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Producing video stories

With the right equipment, you can put still photos and even moving pictures on the Web. You can also use video clips or segments to help tell your story.

You see it on the CBC, on Much Music or on the Sports Network. The announcer will read an introduction to a story, then she pauses to play a piece of video tape that helps tell the story. Sometimes it's a scene of a sporting event, a parade, an accident or a news conference.

Other times, it's a segment that features one or two people talking about the issue.


Preparing your television (video) story

Here's what you need to know:

  • Ensure you have the equipment you need and it is in good working order. To produce video you will need a video camera, tripod, microphone and cord. To edit your video via analog you will need a television monitor, VCR & connecting cables. To do it digitally, you will need a connector from your camera to computer, a computer with at least 300 processor, 128ram, two hard drives, video card and capture card. Also computer editing software such as Adobe Premiere.

  • Review the Video Reporting sections of the Reporters Toolbox (Multimedia section)

  • Prepare for your story: Come up with an idea, write a list of themes/topics from that idea and flush those ideas out before you begin.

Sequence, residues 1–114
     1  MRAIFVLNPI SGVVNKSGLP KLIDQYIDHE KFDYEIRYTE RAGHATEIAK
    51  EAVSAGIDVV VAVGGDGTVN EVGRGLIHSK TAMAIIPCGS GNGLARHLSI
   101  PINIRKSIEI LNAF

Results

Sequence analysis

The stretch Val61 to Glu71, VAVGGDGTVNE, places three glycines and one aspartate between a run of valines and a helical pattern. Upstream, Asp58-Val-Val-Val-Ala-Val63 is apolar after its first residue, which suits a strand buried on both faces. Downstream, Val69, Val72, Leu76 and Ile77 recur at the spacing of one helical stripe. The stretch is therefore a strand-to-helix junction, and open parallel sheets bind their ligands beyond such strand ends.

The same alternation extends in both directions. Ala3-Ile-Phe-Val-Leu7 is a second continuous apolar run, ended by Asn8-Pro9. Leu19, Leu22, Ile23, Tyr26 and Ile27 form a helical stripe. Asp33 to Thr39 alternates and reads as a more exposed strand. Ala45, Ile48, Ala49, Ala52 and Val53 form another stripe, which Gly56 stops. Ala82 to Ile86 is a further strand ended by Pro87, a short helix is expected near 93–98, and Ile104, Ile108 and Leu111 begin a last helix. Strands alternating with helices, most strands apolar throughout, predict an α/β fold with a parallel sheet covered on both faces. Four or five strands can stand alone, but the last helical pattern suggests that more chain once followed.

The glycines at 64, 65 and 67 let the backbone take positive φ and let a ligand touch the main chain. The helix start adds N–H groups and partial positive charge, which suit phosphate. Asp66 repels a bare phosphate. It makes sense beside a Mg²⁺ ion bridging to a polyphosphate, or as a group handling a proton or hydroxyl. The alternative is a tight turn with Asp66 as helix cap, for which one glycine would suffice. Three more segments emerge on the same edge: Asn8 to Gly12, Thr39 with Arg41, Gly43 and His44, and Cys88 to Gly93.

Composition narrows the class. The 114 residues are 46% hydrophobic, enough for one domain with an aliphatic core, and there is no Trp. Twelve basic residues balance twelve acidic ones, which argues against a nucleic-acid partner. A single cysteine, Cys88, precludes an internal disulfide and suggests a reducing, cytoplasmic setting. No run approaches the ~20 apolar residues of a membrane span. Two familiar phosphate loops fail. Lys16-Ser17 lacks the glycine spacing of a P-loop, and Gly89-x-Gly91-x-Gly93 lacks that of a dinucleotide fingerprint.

• Take your equipment and practice with someone you are comfortable with: interview your parents or friends. Choose one question and begin there.

  • Once you are comfortable with using the equipment and interviewing with a video camera and mic, do your story.

  • Review your tape before you begin editing.

  • Show it to someone for a second opinion - a teacher, friend or parent.

  • When you are happy with your tape and story, you can edit your tape using analog editing equipment as noted above or you can use computer editing software to put your video into digital format.

    Here are some tips you can use for using video in your story:

     1. Once you start writing your story, think about the video-taped images and interviews you have recorded and consider how they could fit into your story. For example, a shot of an event might help you show the audience.
     2. Exactly what it was like to be in that particular place at that time. Or a person involved in the event might be able to explain something better than you could say it yourself.
     3 When you're writing for an online publication like SNN, try to present your story so that everyone can read it -- whether they can play the video or audio elements or not. That means including the information that appears on video and audio in your written version of the story.
    4. Perhaps you'd like to include a part of interview with one of the people involved in the story. It's best to use a section that includes clear recordings of both the questions and answers. If the questions can't be heard very well, it's better to just use video of the person's answers to expand on a point made in your story.


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